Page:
Author: Absolut Fishing Team
Tips To Catch More South Florida Yellowtail Snapper
Now that summer is here, it’s about time to start fishing for some of our favorite fish, the Yellowtail Snapper.
Chum & They Will Come!
Our favorite method for catching Yellowtails involves anchoring up with A LOT of chum, long and light fluorocarbon leaders and small hooks. We use 20-30 foot long Bullbuster fluorocarbon 20lb if the fish are on the larger size or Bullbuster monofilament in 12lb if the fish are on the smaller size(or being extra finicky)
First, you want to look for a good amount of current. You can test the current by taking a ‘chum ball’(sand and chum mixture) and setting in the water next to the boat with your hand once you anchor up. If it flies out of sight behind the boat quickly, that’s too fast. If it drops straight down, that’s too slow.However, if it drifts back at a knot or so, that’s just right.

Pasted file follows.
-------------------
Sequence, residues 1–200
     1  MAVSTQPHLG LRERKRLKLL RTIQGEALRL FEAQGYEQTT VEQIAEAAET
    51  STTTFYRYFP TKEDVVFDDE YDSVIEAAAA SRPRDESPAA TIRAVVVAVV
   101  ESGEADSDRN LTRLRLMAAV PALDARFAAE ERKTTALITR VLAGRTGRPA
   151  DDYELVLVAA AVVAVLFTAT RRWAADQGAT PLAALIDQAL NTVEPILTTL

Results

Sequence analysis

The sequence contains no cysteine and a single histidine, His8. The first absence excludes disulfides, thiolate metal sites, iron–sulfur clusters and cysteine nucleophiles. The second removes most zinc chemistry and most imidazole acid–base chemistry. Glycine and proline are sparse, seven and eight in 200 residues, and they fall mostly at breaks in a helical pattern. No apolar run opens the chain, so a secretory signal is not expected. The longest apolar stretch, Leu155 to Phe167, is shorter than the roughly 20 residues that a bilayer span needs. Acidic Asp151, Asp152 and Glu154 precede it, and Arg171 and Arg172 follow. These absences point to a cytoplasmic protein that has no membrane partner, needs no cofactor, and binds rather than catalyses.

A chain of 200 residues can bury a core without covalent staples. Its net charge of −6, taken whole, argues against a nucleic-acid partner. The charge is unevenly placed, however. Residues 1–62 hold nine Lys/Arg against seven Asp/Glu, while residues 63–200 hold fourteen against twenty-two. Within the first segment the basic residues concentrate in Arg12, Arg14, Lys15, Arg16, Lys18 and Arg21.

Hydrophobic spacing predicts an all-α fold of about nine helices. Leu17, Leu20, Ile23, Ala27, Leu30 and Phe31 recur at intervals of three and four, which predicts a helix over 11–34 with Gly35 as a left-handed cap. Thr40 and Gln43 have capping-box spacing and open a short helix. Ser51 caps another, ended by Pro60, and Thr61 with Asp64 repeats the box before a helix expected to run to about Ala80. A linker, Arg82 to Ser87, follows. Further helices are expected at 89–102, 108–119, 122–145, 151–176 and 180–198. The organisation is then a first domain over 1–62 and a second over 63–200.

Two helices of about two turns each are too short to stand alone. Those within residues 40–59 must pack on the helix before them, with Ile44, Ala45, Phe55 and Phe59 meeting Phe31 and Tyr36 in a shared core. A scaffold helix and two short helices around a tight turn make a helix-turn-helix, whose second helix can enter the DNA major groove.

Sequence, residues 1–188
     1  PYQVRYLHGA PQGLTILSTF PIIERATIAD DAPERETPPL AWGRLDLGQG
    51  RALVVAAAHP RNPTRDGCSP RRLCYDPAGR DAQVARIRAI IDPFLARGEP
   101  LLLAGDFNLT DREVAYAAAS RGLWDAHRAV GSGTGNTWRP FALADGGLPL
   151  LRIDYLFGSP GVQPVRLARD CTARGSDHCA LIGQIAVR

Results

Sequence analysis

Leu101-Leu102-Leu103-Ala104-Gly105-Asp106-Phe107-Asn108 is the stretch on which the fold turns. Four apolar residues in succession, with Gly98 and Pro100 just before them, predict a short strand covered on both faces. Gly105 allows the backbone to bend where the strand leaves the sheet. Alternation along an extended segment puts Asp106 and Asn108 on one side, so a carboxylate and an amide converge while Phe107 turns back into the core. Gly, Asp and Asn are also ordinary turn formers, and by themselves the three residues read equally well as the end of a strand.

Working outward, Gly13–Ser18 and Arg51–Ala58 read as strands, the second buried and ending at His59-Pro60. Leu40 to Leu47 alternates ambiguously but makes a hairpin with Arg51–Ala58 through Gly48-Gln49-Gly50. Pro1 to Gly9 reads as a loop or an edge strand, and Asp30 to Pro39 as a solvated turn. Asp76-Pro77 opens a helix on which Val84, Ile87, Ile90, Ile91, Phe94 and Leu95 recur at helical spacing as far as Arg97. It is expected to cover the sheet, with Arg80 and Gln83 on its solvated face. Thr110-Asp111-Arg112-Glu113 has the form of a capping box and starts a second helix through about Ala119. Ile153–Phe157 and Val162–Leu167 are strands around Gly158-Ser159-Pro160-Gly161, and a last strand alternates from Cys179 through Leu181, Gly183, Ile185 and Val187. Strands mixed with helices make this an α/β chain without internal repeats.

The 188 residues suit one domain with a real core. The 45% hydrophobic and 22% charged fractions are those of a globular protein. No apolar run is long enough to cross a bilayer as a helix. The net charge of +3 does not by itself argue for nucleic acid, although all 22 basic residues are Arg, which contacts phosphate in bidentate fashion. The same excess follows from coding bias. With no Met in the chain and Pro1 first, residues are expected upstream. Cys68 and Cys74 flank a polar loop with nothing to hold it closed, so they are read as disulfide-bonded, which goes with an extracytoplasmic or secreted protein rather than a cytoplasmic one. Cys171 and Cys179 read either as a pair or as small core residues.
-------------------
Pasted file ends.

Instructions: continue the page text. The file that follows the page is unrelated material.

Second, you’ll need to find a good active bottom with some structure. Cruising between 40-90 feet anywhere along the east coast should produce a reasonable number of spots to anchor up on. Remember to bring your grapnel anchor or you could end up losing an anchor or two.Once you’ve finally set up, hang a chum bag off each side of the boat. You can then begin the throw in a few chum balls. We use 2 mixtures depending on the conditions and area. Both mixtures are about 3/5's chum, 1/5 menhaden oil, and either 1/5 fine sand or 1/5 oats.
Wait Before You Start Fishing, Let Them Get Fired Up
DO NOT THROW ANY LINES IN THE WATER YET. Keep chumming for about 10-15 minutes. Depending on how deep you are, you will either start to see activity behind the boat or your depth finder will start to light up like the 4th of July. After 15 minutes, have one person slide out a bait to see what’s there. You can use nearly any dead bait to catch yellowtail, from bonita chunks to squid to pieces of ballyhoo, it all works. However, our favorite bait is big silversides (whole not cut up). The key is to freeline the bait back behind the boat so the bait is presented naturally in the current. 2 lines fishing is perfect, 3 lines fishing can be a crowd depending on how they’re biting.
Generally speaking, the bigger fish will be in deeper water and the smaller fish will be in shallower water, but as they say,” there aren't any fences!”. If you don’t start catching yellowtails in the first hour, move spots and continue the process until you find them. Good luck!
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